Starbucks is bringing mobile ordering and pay to Android users sometime in September, and also plans to roll out the feature across the U.S. to stores it operates by the end of this month.
Starbucks is bringing mobile ordering and pay to Android users sometime in September, and also plans to roll out the feature across the U.S. to stores it operates by the end of this month, Chief Financial Officer Scott Maw said Thursday.
The announcement means Starbucks is speeding up implementation of the feature, an investment Maw said is spurred by its success.
Previously, the company had given itself until the end of the year to complete the nationwide rollout, and had expected to release the Android version around the holidays.
“We have a winner, and it’s running ahead of our expectations,” Maw told analysts and investors at an investment conference in New York.
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The mobile ordering and pay feature was pioneered in Portland last December, then released in hundreds of stores across the Pacific Northwest. In June it began to be extended across several more states.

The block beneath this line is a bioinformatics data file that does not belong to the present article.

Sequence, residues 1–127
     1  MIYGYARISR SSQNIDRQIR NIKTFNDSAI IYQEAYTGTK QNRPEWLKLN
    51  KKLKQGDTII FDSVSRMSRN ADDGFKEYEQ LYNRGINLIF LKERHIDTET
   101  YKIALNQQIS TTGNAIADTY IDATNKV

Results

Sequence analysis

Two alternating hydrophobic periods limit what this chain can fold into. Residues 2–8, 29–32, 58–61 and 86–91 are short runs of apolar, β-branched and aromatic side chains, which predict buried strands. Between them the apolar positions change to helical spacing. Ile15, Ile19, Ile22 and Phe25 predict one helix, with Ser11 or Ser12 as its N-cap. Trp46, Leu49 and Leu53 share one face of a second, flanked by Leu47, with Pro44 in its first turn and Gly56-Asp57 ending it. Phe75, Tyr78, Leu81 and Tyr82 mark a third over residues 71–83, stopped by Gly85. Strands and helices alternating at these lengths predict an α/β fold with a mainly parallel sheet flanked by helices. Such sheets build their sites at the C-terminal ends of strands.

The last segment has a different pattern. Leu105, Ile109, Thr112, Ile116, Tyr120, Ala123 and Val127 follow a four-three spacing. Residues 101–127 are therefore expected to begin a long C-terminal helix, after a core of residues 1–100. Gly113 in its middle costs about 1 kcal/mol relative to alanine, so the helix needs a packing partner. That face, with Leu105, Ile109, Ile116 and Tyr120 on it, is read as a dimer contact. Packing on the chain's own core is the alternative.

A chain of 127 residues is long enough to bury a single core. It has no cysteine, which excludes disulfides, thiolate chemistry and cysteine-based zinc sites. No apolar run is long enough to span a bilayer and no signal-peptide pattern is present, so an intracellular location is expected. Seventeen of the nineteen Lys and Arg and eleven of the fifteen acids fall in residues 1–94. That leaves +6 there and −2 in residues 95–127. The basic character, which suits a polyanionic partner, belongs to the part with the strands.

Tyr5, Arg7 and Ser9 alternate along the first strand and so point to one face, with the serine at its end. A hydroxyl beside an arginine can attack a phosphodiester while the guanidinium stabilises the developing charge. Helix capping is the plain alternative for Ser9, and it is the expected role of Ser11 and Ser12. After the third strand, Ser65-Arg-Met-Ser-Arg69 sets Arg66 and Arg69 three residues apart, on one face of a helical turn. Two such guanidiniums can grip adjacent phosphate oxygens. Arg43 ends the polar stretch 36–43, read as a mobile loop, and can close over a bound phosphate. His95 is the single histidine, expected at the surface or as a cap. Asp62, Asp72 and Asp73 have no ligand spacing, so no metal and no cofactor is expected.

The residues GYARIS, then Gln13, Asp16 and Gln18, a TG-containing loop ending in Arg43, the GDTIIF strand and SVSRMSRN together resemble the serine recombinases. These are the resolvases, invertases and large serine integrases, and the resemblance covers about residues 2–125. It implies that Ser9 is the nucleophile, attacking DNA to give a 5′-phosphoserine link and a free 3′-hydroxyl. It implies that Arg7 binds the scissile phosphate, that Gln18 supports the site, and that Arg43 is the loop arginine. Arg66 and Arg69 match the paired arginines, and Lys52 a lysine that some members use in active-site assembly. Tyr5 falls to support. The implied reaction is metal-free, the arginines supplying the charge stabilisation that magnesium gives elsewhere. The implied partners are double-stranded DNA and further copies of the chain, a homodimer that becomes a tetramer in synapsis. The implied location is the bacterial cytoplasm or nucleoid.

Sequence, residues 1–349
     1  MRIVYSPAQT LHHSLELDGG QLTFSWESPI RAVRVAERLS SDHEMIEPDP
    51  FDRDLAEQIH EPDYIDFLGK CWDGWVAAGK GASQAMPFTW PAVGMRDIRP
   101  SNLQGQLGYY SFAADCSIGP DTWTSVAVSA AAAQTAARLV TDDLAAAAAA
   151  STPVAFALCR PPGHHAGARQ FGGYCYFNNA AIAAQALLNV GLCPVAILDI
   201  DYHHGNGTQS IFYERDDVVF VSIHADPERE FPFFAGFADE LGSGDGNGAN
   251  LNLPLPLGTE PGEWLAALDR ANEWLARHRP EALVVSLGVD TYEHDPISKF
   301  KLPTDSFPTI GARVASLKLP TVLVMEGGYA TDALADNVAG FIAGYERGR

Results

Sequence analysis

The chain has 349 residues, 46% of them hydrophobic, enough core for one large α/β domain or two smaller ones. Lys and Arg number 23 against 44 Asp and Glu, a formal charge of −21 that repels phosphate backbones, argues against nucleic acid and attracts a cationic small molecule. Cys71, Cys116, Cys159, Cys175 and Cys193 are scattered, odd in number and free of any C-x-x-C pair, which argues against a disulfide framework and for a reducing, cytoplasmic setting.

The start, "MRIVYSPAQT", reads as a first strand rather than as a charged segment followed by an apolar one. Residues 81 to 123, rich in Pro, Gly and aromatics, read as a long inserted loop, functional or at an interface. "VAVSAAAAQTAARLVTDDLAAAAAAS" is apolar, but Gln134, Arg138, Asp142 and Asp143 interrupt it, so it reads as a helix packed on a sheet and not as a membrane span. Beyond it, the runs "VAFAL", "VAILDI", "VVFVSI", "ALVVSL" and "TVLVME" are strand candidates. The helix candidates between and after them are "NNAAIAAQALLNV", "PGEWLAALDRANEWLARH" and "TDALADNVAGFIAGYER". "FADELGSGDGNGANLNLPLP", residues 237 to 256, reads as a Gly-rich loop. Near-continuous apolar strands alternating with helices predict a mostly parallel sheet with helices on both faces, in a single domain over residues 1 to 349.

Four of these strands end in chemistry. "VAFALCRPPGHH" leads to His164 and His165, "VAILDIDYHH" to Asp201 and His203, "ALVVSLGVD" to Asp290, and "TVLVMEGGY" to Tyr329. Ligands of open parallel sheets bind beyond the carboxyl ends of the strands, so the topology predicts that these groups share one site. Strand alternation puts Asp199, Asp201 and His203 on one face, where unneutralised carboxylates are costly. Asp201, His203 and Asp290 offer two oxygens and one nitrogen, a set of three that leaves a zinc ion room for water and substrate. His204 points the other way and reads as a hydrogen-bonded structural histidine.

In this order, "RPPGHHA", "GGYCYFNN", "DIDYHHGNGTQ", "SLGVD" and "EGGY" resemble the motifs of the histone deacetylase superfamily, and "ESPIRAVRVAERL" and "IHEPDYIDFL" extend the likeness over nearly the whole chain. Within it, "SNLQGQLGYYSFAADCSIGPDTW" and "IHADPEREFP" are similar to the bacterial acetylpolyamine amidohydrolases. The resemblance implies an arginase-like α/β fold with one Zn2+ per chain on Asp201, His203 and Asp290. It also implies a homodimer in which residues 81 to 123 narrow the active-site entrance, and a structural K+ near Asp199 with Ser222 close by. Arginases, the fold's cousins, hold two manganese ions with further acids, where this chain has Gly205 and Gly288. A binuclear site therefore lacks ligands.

The feature has been available only on Apple devices, however.
It’s part of Starbucks’ effort to harness the power of e-commerce, a phenomenon that has challenged many retailers. It’s also critical in the retailer’s bid to expand its rewards ecosystem, whose members spend more and more frequently at the coffee chain.
Moreover, mobile ordering is paving the way for Starbucks’ next innovation: delivery, which will roll out this year in Seattle and New York.
The mobile-ordering app has recently been tweaked to allow customers to access a customized menu tied to specific stores. That allows people to select items such as coffee made in high-end Clover machines, which are not available everywhere. (Previously, Clover coffee was absent from the mobile-ordering menu.)
Maw downplayed concerns about the economic slowdown in China, which has rattled global financial markets but apparently hasn’t hampered Starbucks’ explosive growth there.
The company “is not seeing any material impact on profitability or revenue,” Maw said. “The number of transactions that we’re seeing is good,” and this quarter’s results are “going to stack up really well in China,” he said.
In the quarter ended in June, Starbucks’ same-store sales in the China and Asia Pacific region — that is, sales at stores open for at least a year — rose 11 percent, a bigger increase than in any other region in the world.
Those gains were driven by a 10 percent increase in traffic.